Obama steering clear of economic summit

November 11, 2008 5:39:59 PM PST
World leaders hoping to meet President-elect Obama at an economic summit this weekend in Washington will be disappointed. Obama does not plan to be in the nation's capital or receive foreign visitors in Chicago over the weekend. He long ago ruled out attending the summit, saying the nation has only one president at a time, and it's still George W. Bush.

The president-elect has several reasons to avoid the scene, even though he has expressed strong interests in international affairs and leaders.

He could be accused of stealing scenes and acting presumptuous if he received world leaders at a Washington site while Bush makes one more stab at battling the global economic crisis. And the more closely he ties himself to that effort -- physically and philosophically -- the more he risks being associated with any new economic pain that arises in the next few weeks.

"He wants a clean, clear demarkation between the Bush administration and the Obama administration," said Thomas Mann, a scholar at the Brookings Institution public policy center.

Before the election, Bush announced that the world's 20 largest industrialized nations and emerging economies would meet in Washington this Saturday. Obama has consistently said not to expect his presence.

Obama assailed Bush throughout his campaign for pushing "failed policies," and he pledged to bring change after eight years of GOP rule. Under the best of circumstances, Obama will inherit the worst U.S. economic conditions since the Great Depression, and keeping some distance from Bush will help him chart his own course.

"The last thing he wants to do is get pulled into that summit and, more generally, be pulled into a situation where he's called upon to make early commitments and express opinions on matters before he's got his economic team fully together and before he has the authority of the office," Mann said.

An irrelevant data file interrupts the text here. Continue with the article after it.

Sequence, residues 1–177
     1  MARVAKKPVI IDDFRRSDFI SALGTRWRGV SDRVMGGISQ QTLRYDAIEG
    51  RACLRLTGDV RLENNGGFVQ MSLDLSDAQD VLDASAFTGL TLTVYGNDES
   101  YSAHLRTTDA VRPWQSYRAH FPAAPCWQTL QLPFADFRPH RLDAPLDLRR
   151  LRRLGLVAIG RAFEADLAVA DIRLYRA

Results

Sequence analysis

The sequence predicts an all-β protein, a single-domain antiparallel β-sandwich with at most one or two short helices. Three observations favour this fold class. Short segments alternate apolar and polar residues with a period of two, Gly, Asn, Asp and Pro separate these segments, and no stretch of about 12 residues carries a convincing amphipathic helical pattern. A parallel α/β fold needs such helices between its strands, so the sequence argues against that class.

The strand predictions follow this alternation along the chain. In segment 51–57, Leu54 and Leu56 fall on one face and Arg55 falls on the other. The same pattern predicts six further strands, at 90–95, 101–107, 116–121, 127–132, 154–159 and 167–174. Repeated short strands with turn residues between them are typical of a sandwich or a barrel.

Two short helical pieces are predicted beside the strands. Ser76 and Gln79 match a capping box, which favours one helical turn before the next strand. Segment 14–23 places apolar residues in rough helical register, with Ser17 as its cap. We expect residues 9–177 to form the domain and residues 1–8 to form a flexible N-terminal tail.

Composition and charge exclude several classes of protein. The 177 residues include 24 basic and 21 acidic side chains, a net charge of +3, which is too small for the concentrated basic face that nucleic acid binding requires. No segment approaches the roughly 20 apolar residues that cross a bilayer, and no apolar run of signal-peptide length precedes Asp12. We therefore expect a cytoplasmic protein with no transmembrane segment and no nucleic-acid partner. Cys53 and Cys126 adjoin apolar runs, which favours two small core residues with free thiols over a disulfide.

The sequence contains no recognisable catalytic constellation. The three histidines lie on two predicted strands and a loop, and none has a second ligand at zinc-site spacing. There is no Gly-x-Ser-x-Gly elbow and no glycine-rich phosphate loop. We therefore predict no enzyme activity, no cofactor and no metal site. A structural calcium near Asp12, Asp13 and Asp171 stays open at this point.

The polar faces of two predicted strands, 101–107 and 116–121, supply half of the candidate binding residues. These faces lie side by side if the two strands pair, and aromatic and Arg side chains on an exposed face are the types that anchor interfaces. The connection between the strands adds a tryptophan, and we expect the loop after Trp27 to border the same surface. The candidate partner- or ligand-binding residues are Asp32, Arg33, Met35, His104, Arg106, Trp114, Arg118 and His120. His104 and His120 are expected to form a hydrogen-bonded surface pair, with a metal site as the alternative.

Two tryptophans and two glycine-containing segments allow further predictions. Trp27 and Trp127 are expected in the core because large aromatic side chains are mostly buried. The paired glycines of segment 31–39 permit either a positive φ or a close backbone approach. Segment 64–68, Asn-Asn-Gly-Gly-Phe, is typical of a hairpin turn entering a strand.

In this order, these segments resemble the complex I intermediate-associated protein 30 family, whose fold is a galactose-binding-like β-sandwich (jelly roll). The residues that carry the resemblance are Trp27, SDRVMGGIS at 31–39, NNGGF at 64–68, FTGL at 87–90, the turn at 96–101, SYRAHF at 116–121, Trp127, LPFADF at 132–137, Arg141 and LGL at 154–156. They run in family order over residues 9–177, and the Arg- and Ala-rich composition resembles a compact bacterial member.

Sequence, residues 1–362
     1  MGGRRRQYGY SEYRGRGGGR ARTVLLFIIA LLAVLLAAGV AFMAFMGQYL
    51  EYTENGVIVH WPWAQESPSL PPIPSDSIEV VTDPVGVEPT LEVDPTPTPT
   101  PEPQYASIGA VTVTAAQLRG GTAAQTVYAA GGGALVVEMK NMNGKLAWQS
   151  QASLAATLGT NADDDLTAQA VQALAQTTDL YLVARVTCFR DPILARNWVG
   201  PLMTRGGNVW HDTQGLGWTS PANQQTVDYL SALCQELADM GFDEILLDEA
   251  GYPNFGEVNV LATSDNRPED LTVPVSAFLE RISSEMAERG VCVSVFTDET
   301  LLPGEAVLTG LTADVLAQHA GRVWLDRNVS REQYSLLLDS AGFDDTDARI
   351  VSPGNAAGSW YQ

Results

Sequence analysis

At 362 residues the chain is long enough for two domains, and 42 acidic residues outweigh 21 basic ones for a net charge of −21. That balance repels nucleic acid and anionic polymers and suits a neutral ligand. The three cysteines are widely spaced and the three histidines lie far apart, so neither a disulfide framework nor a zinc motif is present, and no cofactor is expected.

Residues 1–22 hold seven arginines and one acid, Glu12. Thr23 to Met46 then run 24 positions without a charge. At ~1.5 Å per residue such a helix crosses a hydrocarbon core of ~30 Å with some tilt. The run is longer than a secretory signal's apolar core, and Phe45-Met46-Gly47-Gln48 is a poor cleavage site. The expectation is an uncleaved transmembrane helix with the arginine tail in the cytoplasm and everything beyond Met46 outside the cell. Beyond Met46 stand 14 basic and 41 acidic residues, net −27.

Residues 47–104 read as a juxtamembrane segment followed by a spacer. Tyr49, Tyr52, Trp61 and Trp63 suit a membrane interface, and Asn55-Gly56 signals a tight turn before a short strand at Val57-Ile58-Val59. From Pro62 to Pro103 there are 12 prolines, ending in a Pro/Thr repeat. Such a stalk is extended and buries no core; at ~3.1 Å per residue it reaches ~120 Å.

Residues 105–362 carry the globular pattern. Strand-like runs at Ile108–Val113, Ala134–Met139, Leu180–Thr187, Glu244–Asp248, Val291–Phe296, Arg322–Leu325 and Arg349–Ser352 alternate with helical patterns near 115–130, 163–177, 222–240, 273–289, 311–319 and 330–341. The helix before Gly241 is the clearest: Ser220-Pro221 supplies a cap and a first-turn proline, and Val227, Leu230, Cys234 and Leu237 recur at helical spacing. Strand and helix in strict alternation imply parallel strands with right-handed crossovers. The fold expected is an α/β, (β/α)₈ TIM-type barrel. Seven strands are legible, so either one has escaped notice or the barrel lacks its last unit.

Obama's aides plan to keep tabs on - and possibly participate in - the summit where world powers hope to craft remedies to the global financial crisis.

"We have one president at a time, and it's important that the president can speak for the United States at the summit," John Podesta, Obama's transition chief, told reporters Tuesday. Podesta, however, noted that Obama had urged such a summit during the presidential campaign.

Obama backs coordination among major economic powers to address the troubles. Campaigning last month in Richmond, Va., he said, "Our financial markets are so interwoven at this point, that we can't operate in isolation."

"I don't think it's going to be resolved in one meeting," he said of the global crisis.

Leaders attending the G-20 meeting are certainly interested in Obama's economic stance.

In phone calls last week, Obama accepted congratulations from leaders of countries including Canada, France, Italy, Pakistan, Saudi Arabia, and Spain. The global financial crisis was among the topics he discussed with key U.S. allies.

The president-elect held his first news conference Friday after he and Vice President-elect Joe Biden met privately with economic advisers. Obama's message: "We are facing the greatest economic challenge of our lifetime, and we're going to have to act swiftly to resolve it."

A new Associated Press-GfK poll found most people voicing confidence that Obama will be able to turn the sagging economy around when he takes office in January.


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